If piracy is stealing, why do Christians do it? – @tim_hutchings

Do Christians have anything to say about the ethics of the internet? 

If they do, where are they saying it, and is anyone listening?

Think about digital piracy. There are lots of ethical questions to ask about how to behave online, of course, but this one seems particularly interesting to me. Christians seem to have a bit to say about pornography and being nice on Twitter, but those are just about the only issues I’ve seen discussed. Let’s think about something else.

Piracy has been a big issue for any industry that sells something in a digital format – music, movies, images, software, and now books. It’s easy to copy, share and download files without paying for them, and lots of people do. Recently, I’ve heard from some book publishers that Christian industries are also struggling with piracy, because lots of Christians are happy to download  Christian music and books (and Bibles) without paying for them. This is a bit of a puzzle – don’t Christians spend an awful lot of time talking about right and wrong? 

One possible answer is that Christians are no better than anyone else. Christian theology talks about right and wrong, but it also talks about sin. Christians are forgiven, but they aren’t made perfect. So perhaps we shouldn’t expect theology to make any difference to how people act.  

Here’s another answer. Maybe Christians who steal copies of music, books and Bibles have thought about this issue, and they have decided it isn’t wrong at all. In 2004, a survey in the USA reported that only 1 in 10 Christian teenagers thought downloading music illegally was morally wrong. Who loses anything, really, if you copy something you were never going to buy? And wouldn’t Jesus really want you to have music and books that will help your faith? Maybe it’s wrong for anyone to charge money for Christian resources. Maybe the real problem here is that anyone expects a “Christian publishing industry” to own creative work and sell it for money, and the sooner the industry finds a more sensible business model, the better.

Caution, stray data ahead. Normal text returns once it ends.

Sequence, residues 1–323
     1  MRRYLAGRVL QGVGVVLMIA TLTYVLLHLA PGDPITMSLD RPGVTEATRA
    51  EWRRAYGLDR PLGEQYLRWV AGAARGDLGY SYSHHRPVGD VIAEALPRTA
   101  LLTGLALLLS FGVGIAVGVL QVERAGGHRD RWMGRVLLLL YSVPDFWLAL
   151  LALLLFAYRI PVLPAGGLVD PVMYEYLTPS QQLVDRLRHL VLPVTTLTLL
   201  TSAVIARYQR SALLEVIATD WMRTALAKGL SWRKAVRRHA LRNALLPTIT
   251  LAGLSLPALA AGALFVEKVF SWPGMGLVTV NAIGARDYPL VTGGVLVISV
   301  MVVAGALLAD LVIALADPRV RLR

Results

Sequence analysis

There are a few alternative responses to the piracy issue online. Blogger Tim Challies argues that Christians should obey the law of the land, whatever the law says. The United Church of God is the first Christian denomination to come up in a Google search for this topic, and the UCG says that the Bible forbids stealing, and also that workers deserve to be paid. But actually, most of the hits on that Google search were for web forums – people discussing this question amongst themselves, without involving Christian leaders or churches.

I don’t think I’ve ever heard a sermon in church that said anything about how to behave online – certainly not a serious discussion of downloading music. I don’t think we’ve discussed this issue at the Christian New Media Conference in London, either (someone correct me if I’m wrong!).

So! Back to the opening questions in this post. Do Christians have anything distinctively Christian to say about right and wrong and the internet? If so, what’s the best way to communicate that message to Christian believers?

Let me know what you think – and next month, I’ll come back to this topic of “internet ethics” and see if we can take this discussion a bit further.

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About Tim Hutchings

Tim works at CODEC, a research initiative for the study of Christian communication in the digital age at St John's College, Durham. He studies online churches, online evangelism and other online things, and can usually be found somewhere near the coffee machine. He likes cake, old science fiction book covers and kitschy religious knick-knacks.